NASA advancing GNSS capabilities for spacecraft - GPS World

NASA advancing GNSS capabilities for spacecraft

January 14, 2021  - By

NASA’s Space Communications and Navigation (SCaN) program is developing capabilities that will allow missions at high altitudes to take advantage of GNSS signals for timing and navigation, including the Artemis missions to the Moon.

Interoperability of the GNSS constellations will be key for spacecraft at higher altitudes where GNSS signals are less plentiful. The program will rely on the four global constellations (GPS, Galileo, GLONASS and BeiDou) and the two regional systems operated by India and Japan.

SCaN is supporting flight experiments that will help develop multi-GNSS capabilities for spacecraft, such as Bobcat-1, developed by NASA’s Glenn Research Center in Cleveland and Ohio University.

Bobcat on the Prowl

Bobcat-1, shown with its deployable antenna stowed, will experiment with the GNSS inter-constellation time offset from low-Earth orbit. (Photo: NASA)

Bobcat-1, shown with its deployable antenna stowed, will experiment with the GNSS inter-constellation time offset from low-Earth orbit. (Photo: NASA)

Bobcat-1 was selected by the CubeSat Launch Initiative in 2018 to study GNSS signals from 250 miles overhead. The small satellite launched to the International Space Station aboard a Northrop Grumman Cygnus spacecraft on Oct. 2, 2020.

On Nov. 5, the space station released the CubeSat to begin its mission. The spacecraft will orbit for about nine months, measuring signals from different GNSS constellations. Engineers will use these measurements to better understand GNSS performance, specifically focusing on timekeeping variations between the constellations.

“GNSS users at high altitudes see fewer satellites,” said Bobcat Co-Principal Investigator Frank Van Grass of Ohio University. “Time offsets between the constellations can be measured by the CubeSat and provided to these users to improve their positioning performance,”

SCaN Testbed

Bobcat-1 builds on the legacy of the SCaN Testbed, which demonstrated multi-GNSS capabilities on the space station from 2012 to 2019. The GPS and Galileo Receiver for the International Space Station (GARISS) — an instrument developed in collaboration between NASA and ESA (European Space Agency) — received signals from both GPS and Galileo, the GNSS constellation operated by the European Union.

The SCaN Testbed prior to launch to the International Space Station. (Photo: NASA)

The SCaN Testbed prior to launch to the International Space Station. (Photo: NASA)

The SCaN TestBed also laid the foundation for the Lunar GNSS Receiver Experiment (LuGRE), a Commercial Lunar Payload Services payload being developed in partnership with the Italian Space Agency. The payload will receive signals from both GPS and Galileo and is expected to obtain the first-ever GNSS fix on the lunar surface.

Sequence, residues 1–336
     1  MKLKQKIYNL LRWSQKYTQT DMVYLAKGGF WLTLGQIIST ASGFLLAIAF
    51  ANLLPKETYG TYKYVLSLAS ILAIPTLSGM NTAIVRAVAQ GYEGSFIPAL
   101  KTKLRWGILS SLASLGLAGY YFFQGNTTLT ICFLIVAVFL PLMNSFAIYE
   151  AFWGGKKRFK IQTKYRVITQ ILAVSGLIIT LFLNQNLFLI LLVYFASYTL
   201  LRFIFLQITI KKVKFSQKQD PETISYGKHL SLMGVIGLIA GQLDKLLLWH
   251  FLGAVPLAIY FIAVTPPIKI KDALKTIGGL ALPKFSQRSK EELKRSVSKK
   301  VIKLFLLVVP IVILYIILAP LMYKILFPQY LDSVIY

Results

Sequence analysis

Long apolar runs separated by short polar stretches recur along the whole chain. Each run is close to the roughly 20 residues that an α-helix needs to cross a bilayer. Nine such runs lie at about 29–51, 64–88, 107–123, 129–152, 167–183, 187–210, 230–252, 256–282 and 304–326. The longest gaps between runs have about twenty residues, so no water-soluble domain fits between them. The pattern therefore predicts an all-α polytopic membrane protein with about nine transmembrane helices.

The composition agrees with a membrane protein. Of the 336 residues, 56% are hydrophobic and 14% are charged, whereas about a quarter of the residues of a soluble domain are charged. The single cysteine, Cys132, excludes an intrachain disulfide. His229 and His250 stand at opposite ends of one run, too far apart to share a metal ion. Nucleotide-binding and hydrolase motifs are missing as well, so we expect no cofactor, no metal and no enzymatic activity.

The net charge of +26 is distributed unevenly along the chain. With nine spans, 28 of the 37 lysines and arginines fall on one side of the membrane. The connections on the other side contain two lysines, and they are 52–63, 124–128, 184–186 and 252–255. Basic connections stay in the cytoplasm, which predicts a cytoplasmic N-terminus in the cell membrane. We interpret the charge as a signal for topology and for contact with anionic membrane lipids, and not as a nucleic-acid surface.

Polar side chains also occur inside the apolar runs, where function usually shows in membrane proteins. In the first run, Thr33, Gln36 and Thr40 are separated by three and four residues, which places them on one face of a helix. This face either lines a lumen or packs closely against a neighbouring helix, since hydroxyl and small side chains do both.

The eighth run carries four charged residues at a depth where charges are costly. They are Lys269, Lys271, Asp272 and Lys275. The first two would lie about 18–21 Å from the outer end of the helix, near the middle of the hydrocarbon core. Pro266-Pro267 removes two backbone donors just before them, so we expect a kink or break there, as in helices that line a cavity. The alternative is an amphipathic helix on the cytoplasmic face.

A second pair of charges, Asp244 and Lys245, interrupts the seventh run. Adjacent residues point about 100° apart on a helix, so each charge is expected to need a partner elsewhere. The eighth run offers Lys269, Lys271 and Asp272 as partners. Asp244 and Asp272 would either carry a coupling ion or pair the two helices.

GNSS PNT Policy and Advocacy

While NASA engineers develop the technologies necessary for multi-GNSS navigation at ever-higher altitudes, the SCaN team works with stakeholders in the U.S. government and internationally to advance GNSS interoperability in the policy sphere. They consult on the United Nations International Committee on GNSS, helping develop additional capabilities in the Space Service Volume and beyond.

NASA recently worked to publish GPS antenna patterns from GPS satellites that launched between 1997 and 2000, collaborating with the U.S. Space Force, the U.S. Coast Guard and Lockheed Martin, who built the satellites. The PNT team is also working to facilitate publication of antenna patterns for more recent GPS satellites.

With this data, mission planners can better assess the performance of GNSS in high-Earth orbit and lunar space. This forthrightness also encourages other GNSS providers to be similarly transparent.

The Goddard PNT policy team received a 2019 Agency Honor Award for their advocacy of NASA’s interests in GNSS. From let are Frank Bauer, Jenny Donaldson, J.J. Miller, Ben Ashman and Joel Parker. Not pictured, Lauren Schlenker. (Photo: NASA)

The Goddard PNT policy team received a 2019 Agency Honor Award for their advocacy of NASA’s interests in GNSS. From let are Frank Bauer, Jenny Donaldson, J.J. Miller, Ben Ashman and Joel Parker. Not pictured, Lauren Schlenker. (Photo: NASA)

“GNSS capabilities continue to revolutionize the ways spacecraft navigate in near-Earth space and beyond,” said NASA navigation engineer Joel Parker. “NASA’s longstanding relationships with the GNSS providers have advanced these capabilities to new heights and support the Artemis missions on and around the Moon.”

About the Author: Tracy Cozzens

Senior Editor Tracy Cozzens joined GPS World magazine in 2006. She also is editor of GPS World’s newsletters and the sister website Geospatial Solutions. She has worked in government, for non-profits, and in corporate communications, editing a variety of publications for audiences ranging from federal government contractors to teachers.